CNT 5410

Computer and Network Security


Instructor: Kevin Butler (butler at
Co-Instructor: Adam Bates (bates at
Location and Time: MWF, 12:50-1:40 PM, CSE E118
Office Hours: Mon 2-3 PM and by appointment with Prof. Butler
TA: Youlin Zhang (youlin at office hours Wed 10:30-11:30 AM, CSE E309

Course Description

Computer security is one of the most exciting and challenging areas in all of computer science. Amongst industry and government alike, security has become one of the largest concerns, and many of the fundamental issues in securing systems and networks that have vexed us for years continue to do so or have become even more problematic.

This course provides an introduction to network security. Students successfully completing this class will be able to evaluate works in academic and commercial security, and will have rudimentary skills in security research. The course begins with a tutorial of the basic elements of cryptography and continues by covering a number of seminal papers and monographs in a wide range of security areas.

Topics covered include network security, authentication, security protocol design and analysis, security modeling, key management, intrusion detection, DDOS detection and mitigation, biometrics, web security, privacy, anonymity and other emerging topics.

Most of the course readings will come from seminal papers in the field. Links to these papers will be provided on the course pages. In addition, links to critical reference materials will also be provided.

A detailed list of lecture by lecture contents, assignments, and due dates (subject to change as the term evolves) will be available on the course schedule.

Please contact the instructor if you have questions regarding the material or concerns about whether your background is suitable for the course.

If you are not familiar with C and UNIX programming environments, you will need to become so. You should also have had some exposure to reading assembly. The following resources are recommeded for learning and using C:

The following are good resources on UNIX programming:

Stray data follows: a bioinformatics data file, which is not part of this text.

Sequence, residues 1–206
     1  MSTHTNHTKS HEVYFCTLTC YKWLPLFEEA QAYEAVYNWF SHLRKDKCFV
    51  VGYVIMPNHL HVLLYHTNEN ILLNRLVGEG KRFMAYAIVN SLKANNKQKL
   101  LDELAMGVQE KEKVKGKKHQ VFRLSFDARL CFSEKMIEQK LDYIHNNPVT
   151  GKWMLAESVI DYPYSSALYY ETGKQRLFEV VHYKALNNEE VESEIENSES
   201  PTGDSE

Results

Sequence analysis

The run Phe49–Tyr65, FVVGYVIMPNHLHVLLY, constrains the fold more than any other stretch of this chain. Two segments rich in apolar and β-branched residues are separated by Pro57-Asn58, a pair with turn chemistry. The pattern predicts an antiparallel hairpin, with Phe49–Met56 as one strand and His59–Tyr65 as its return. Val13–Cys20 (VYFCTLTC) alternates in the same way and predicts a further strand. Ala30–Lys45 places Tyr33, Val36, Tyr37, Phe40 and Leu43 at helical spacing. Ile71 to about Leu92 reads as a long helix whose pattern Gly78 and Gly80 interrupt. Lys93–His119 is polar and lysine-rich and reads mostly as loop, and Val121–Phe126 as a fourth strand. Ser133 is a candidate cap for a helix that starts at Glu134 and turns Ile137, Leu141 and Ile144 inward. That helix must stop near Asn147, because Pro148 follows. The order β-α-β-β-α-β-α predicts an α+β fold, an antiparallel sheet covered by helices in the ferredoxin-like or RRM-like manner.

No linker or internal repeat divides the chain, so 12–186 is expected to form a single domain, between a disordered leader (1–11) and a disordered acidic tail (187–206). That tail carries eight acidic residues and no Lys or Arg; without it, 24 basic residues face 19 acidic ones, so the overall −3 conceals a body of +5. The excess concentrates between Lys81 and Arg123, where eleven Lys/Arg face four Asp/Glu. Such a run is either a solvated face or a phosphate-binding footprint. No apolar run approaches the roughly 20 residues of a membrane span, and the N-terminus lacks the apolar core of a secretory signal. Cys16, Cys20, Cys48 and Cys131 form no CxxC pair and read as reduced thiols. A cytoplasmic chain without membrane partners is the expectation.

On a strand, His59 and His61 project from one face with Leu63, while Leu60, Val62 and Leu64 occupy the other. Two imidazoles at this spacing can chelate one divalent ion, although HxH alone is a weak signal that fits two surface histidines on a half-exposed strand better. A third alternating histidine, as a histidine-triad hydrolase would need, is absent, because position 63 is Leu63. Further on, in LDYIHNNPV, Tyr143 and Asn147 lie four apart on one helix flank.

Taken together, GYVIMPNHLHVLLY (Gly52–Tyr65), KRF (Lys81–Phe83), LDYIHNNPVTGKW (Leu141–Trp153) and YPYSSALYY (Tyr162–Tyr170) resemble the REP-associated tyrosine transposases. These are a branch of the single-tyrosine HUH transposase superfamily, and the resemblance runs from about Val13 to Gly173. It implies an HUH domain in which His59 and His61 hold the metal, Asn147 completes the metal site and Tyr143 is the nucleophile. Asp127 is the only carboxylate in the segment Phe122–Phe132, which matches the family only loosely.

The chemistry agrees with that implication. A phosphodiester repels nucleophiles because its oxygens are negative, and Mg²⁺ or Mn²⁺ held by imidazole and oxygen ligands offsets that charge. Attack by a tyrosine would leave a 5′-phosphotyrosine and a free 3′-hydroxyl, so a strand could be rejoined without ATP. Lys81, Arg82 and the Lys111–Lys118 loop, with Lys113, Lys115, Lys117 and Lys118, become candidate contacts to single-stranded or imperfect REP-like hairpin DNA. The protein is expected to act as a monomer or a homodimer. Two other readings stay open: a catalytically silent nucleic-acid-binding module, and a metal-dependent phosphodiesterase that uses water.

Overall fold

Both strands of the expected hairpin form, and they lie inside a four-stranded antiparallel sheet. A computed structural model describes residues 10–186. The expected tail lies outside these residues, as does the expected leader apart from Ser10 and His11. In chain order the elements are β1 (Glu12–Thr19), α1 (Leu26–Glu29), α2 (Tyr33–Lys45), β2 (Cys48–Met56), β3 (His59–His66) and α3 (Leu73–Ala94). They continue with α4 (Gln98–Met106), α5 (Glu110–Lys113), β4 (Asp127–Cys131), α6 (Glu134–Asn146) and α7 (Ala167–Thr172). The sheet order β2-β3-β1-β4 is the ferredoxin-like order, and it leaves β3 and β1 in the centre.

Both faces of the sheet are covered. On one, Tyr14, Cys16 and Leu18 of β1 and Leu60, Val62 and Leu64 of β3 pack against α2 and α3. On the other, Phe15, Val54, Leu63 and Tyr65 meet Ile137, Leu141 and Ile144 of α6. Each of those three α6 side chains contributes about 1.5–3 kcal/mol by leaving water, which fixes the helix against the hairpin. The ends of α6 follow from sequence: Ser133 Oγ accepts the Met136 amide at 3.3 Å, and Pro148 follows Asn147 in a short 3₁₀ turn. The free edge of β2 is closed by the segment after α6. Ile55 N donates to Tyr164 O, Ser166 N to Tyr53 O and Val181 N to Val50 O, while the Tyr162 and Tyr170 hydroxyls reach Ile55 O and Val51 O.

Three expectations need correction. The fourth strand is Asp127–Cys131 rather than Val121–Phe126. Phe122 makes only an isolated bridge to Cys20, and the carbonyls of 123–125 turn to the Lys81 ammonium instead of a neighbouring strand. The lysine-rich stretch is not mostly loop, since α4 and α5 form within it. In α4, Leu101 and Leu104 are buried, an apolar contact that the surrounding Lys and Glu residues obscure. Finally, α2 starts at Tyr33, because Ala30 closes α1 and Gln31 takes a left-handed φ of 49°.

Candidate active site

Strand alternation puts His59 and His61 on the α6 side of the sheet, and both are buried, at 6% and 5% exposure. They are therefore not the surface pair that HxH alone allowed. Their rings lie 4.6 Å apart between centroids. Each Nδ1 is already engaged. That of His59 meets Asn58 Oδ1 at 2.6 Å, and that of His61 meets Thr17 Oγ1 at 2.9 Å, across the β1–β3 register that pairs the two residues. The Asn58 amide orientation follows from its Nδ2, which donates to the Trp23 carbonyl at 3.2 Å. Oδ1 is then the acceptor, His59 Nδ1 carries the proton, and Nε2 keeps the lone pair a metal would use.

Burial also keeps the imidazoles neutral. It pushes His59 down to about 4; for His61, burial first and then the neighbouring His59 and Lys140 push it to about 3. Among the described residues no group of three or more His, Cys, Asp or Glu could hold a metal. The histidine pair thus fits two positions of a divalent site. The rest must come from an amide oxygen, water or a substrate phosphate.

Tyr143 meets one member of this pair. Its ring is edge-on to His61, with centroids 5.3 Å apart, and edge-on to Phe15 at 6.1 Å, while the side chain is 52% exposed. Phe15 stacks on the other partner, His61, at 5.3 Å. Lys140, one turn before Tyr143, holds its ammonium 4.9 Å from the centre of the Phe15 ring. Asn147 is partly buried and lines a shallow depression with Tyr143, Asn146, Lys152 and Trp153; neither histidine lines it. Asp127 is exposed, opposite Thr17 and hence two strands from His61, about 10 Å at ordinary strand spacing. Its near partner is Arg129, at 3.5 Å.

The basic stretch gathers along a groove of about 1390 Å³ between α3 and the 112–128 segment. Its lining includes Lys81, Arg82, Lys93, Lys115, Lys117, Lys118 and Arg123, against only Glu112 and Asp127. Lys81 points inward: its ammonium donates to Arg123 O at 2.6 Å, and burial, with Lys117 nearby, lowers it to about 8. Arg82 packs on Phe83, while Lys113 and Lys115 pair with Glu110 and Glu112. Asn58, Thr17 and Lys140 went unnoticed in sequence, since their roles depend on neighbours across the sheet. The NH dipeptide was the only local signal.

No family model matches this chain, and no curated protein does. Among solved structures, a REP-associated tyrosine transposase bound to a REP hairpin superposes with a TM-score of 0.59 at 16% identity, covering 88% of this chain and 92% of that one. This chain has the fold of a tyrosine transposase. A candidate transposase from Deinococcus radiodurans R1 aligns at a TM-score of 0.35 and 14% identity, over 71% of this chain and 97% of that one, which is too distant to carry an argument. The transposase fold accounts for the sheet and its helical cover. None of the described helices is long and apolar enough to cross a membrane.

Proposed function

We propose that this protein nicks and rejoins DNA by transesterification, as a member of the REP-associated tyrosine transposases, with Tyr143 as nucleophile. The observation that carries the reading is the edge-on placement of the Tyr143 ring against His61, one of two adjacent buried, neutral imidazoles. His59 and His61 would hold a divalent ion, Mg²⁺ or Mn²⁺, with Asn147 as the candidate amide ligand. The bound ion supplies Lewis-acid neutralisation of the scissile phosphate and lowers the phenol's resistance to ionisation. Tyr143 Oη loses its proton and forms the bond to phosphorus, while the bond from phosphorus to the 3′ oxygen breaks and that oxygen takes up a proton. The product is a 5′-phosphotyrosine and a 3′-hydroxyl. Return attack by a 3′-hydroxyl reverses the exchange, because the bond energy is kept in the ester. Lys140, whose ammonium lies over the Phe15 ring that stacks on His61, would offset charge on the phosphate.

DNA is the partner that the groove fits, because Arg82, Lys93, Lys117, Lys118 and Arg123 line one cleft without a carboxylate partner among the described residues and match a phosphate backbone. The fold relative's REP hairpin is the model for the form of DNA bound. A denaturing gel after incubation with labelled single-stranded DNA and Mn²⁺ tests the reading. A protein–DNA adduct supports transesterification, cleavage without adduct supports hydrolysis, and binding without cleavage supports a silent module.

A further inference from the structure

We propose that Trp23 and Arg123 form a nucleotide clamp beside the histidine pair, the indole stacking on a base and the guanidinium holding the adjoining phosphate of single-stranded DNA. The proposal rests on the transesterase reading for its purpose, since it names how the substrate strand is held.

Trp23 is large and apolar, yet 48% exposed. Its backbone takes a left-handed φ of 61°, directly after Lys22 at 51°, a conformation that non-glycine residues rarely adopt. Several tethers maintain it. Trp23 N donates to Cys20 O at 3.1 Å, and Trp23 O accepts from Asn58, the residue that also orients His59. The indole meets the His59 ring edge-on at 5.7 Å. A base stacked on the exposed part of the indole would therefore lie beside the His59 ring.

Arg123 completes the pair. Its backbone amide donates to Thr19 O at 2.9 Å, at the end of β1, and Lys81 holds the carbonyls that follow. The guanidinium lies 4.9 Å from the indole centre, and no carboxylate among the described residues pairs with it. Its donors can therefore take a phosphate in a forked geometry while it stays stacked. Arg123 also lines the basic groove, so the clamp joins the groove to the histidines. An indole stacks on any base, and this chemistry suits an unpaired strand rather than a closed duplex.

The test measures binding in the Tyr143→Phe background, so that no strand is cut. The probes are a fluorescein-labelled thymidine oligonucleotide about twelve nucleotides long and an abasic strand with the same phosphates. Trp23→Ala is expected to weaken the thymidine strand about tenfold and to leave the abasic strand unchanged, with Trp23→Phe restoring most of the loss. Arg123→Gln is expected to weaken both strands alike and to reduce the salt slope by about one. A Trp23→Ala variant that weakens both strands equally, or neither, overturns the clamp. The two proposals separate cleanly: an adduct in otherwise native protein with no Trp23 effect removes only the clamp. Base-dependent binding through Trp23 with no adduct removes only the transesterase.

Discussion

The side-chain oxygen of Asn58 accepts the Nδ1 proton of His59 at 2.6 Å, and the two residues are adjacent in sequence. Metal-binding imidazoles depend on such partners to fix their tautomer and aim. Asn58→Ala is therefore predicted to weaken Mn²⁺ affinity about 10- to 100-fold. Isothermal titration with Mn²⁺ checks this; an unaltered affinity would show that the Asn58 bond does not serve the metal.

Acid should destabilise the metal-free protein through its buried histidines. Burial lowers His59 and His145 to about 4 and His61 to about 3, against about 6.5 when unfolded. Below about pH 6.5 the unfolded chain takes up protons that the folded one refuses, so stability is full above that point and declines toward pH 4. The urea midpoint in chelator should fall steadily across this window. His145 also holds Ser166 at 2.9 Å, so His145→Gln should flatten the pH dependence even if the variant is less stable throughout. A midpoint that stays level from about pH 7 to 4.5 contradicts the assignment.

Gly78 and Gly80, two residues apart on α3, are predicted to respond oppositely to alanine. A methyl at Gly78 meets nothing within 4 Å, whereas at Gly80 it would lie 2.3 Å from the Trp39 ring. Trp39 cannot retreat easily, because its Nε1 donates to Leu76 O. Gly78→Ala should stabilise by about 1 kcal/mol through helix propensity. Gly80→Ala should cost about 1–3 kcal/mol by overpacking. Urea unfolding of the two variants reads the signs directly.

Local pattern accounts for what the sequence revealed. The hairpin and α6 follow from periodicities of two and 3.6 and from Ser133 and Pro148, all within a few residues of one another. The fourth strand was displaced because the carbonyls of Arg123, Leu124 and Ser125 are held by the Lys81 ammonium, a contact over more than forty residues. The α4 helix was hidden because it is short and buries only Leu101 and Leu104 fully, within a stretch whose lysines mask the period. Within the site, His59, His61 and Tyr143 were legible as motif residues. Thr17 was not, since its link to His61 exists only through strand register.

• Stevens and Rago, Advanced Programming in the Unix Environment. 2/E, Addison Wesley, 2005.
  • Kerrisk, The Linux Programming Interface. 1/E, No Starch Press, 2010.
If you are unfamiliar with using the command line, the following resource is helpful: You likely learned some assembly in a computer organization or architecture course. Reading x86 assembly is not tremendously different from MIPS assembly. If you want a short primer, the x86 Assembly Guide from the University of Virginia is good. For a canonical reference, The Art of Assembly Language is excellent.

Course Expectations

The expectations for the course are that students will attend every class, do the readings assigned for class, actively and constructively participate in class discussions. A major component of the course is a research project in security, with the chief product being a conference-style poster. Project topics will be discussed in class and may be proposed through email or during meetings outside of class with Prof. Butler. Do not delay: terms are short and in order to be able to perform any interesting work, the sooner a topic is chosen, the better the end-result will be. While time is constrained. The expectation is that real thought and effort will be exhibited by the work. The project grade will be based on novelty, correctness, depth of understanding, clarity of presentation, and effort. More information about the project will be given during class.